Innovation

The story about the impossible

Blue lines

NO – REFUSED – IMPOSSIBLE!
Something we have heard quite often
– This is not a good idea
– This is not possible to do
– It’s not useful for anything – especially not for human consumption. Don’t waste your energy!

Here science is the key

Along with the skills of a few extremely dedicated people willing to go head on, despite all
Fuelled by all the stop signs and armed with a scientific community willing to collaborate and provide the knowledge necessary to make the idea into a new industry – the venture began.

A professor of marine ecology, Kurt Tande, working at the northernmost university in the world, had spent a great deal of his career studying this miniature sea creature called Calanus finmarchicus.

He knew it had almost no history of being utilized, but he had an intuition that there was a valuable potential here as the species had an enormous biomass, and a high nutritional content of protein and lipids.

It had to be useful in some way..

So, a small group of fearless guys and girls seeing the potential and not the warning signs came together to substantiate the idea.
Being first is. not. easy.

To work with something so fundamentally different in size and composition from anything else anyone has ever seen.
There wasn’t equipment nor methodology adapted to this.

Specialized processing methods, and analytical approaches had to be created from scratch.

They solved the most fundamental challenge of « eating soup with a fork»

Harvesting and processing of Calanus finmarchicus were developed through persistent and dedicated R&D work.

And we took this deep red oil with us in the lab.

It was nearly impossible to work with. Due to its complex chemistry – for instance, the deep red colour.

Which is a remarkably high content of the antioxidant astaxanthin – interfering with everything we wanted to analyze.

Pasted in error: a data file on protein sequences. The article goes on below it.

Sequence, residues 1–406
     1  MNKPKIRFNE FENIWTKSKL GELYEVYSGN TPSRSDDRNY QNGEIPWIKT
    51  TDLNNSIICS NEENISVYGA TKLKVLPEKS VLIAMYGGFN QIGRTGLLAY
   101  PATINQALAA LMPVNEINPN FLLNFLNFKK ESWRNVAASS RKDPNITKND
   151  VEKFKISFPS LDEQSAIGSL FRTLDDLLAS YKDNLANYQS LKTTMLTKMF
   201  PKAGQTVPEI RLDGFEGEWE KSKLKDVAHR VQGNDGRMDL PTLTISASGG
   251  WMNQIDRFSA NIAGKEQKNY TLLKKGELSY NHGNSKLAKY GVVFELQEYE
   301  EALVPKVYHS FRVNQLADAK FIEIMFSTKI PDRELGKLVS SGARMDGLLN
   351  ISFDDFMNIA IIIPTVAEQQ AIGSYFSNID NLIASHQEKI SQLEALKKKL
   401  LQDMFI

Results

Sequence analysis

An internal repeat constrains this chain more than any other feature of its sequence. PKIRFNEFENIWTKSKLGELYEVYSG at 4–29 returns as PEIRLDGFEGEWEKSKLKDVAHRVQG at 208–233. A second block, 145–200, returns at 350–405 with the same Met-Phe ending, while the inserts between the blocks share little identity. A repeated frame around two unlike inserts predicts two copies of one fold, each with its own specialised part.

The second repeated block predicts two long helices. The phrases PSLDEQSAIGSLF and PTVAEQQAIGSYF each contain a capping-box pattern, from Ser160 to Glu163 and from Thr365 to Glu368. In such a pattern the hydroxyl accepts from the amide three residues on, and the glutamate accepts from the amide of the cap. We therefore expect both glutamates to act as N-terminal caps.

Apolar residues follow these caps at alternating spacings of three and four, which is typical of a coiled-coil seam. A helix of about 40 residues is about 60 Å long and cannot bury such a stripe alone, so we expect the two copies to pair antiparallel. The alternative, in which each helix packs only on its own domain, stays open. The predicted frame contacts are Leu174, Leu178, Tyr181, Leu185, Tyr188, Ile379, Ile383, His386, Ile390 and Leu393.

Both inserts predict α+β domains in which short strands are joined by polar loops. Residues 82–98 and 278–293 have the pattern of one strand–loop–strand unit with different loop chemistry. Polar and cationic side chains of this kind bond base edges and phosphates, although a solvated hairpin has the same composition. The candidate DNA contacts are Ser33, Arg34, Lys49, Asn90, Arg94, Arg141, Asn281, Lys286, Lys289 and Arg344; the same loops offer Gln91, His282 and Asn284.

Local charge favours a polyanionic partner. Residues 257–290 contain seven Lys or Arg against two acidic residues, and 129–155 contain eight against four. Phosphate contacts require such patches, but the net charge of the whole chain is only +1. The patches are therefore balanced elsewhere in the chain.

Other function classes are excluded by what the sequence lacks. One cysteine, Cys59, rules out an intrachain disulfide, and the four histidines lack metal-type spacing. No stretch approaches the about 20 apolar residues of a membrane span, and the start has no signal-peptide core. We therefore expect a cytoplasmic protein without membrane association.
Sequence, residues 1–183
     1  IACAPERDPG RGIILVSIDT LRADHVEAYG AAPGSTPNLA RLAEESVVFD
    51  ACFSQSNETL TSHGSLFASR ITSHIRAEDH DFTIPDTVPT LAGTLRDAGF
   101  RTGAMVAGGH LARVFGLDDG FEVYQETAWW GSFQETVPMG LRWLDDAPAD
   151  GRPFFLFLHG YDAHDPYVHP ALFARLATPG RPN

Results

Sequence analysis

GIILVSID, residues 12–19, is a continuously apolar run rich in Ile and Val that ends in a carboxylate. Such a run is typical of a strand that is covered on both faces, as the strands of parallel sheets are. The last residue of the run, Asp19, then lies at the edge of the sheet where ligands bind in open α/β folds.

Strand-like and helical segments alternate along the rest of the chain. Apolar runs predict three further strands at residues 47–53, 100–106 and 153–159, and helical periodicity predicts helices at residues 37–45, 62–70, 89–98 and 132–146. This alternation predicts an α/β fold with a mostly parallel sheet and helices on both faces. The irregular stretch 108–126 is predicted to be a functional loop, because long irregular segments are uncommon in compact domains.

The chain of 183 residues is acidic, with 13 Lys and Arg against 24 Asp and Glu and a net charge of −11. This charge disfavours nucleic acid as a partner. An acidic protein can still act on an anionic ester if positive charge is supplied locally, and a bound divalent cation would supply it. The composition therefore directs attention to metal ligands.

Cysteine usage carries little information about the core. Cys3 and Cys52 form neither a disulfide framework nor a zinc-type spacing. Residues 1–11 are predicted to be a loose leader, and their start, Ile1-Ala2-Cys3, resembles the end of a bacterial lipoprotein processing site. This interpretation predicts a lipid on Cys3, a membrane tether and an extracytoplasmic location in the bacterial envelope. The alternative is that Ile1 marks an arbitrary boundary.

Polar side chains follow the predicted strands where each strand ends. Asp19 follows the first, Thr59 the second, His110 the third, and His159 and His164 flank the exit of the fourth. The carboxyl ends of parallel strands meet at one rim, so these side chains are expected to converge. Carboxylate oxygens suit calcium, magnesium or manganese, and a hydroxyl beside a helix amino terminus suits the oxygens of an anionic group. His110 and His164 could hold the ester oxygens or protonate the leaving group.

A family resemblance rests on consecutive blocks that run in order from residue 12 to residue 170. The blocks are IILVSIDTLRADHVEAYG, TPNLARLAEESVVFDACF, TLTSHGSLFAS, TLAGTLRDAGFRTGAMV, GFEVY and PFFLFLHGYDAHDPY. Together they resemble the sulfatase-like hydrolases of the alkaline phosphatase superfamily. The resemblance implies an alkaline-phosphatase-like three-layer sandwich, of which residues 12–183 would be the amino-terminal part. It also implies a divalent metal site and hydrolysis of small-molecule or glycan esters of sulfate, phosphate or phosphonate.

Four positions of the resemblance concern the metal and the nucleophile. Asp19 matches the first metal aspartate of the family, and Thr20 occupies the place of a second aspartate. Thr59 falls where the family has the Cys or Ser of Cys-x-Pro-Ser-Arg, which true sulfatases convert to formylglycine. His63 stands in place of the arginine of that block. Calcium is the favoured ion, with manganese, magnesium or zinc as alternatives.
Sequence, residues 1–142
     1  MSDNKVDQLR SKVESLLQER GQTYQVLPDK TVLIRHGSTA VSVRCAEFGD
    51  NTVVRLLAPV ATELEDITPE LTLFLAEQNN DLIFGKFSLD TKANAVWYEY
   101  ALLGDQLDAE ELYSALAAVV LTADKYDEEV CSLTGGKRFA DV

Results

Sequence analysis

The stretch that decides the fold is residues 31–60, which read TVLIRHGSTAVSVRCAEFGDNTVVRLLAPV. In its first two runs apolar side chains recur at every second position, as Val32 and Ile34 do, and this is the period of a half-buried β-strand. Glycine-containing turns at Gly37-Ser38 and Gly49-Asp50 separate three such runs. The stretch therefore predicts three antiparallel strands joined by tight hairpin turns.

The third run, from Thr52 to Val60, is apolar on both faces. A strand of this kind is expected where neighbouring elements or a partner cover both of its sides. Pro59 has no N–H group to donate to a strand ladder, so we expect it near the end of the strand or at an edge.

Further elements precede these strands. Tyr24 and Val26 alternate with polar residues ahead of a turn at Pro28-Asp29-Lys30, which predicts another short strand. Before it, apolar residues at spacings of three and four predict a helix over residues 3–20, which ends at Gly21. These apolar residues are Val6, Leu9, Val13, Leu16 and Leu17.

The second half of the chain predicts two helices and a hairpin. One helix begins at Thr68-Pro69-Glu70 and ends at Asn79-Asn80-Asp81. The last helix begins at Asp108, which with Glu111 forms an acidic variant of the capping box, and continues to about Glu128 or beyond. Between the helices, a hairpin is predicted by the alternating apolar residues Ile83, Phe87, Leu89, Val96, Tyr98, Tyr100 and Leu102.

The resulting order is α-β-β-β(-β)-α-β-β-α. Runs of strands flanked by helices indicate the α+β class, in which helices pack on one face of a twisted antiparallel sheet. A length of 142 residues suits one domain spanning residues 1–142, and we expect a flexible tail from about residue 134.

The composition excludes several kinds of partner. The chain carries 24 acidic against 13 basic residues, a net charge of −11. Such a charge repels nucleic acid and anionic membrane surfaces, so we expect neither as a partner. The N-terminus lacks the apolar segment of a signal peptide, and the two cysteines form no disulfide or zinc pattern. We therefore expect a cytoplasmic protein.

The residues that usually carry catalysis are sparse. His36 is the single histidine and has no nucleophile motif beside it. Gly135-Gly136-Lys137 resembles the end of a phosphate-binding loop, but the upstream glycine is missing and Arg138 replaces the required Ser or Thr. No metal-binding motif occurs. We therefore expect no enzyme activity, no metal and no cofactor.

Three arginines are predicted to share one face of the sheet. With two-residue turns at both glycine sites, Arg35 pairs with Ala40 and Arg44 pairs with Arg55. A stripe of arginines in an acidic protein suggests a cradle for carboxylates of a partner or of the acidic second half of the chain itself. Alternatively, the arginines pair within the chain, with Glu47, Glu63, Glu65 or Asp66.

When we finally cracked the code of analyzing the lipids, it showed a very diverse composition:

It’s a cocktail of different fatty acids and other carbon chains and, most of them either mono – or polyunsaturated.

Now the high content of astaxanthin made sense, with so much unsaturated fat accumulating in the copepods, floating in the surface waters in 24 h sunlight.

Of course, the copepods had to use antioxidants to preserve its lipid storage.

Okay, so the compositional data told us we had some interesting here.

But there was nothing in the scientific literature describing this substance when given to humans.

Fortunately, this triggers the curiosity in scientists, and one professor got in touch with another professor (during their bus ride to campus).

And the first biomedical testing of the oil from Cf began at the Department of medical biology, by Prof Terje Larsen and his team.
This has been the foundation for our all our biomedical documentation.

Surprising results showed that a small inclusion of oil from calanus to mice fed a high fat diet, had a strong impact on fat deposition, glucose tolerance and heart health.

These effects could not be explained by the presence of omega-3 fatty acids alone. So, then what?

And again, one professor talked to another… And several research groups where now intrigued and interested in testing this substance in their studies.

The main findings of these studies can be seen on improvements of insulin sensitivity, body composition by the increase of lean body mass and reduction of body fat.

In addition, parameters of muscle strength and cardiac health which showed increased pumping capacity of the hearth muscle, but these are still to be published.

These results also correspond well with what has been shown through the preclinical works.

However, we have barely scratched the surface, but we see that this lipid clearly impacts the metabolism.

Also, we are so proud to be part of the efforts to contribute to a better and more sustainable future.

With lipids that show some unique health benefits, that may help to reduce or prevent the development of metabolic disturbances in a population increasingly struggling with obesity and non-communicable diseases, but also providing sustainable high quality proteins for the aquaculture industry.

By fully utilizing the raw material harvested from a rapid renewable and highly sustainable source.

In sum, creating a whole value chain and a new industry.

We have worked carefully, step by step to develop the entire value chain from harvest to market.

We have shown that there is an economic and resource-based foundation for utilization.

We have shown that this little creature can be harvested, it can be processed into a series of documented products and there is a market and a need for these products and solutions.

YES – DONE – POSSIBLE

No longer just an idea

This is the solidification of R&D work, and we have reached the level where the idea now is turned in to an industry.

We could never have come this far without collaborative efforts and access to creative and problem-solving minds at the academic institutions, curious and engaged students.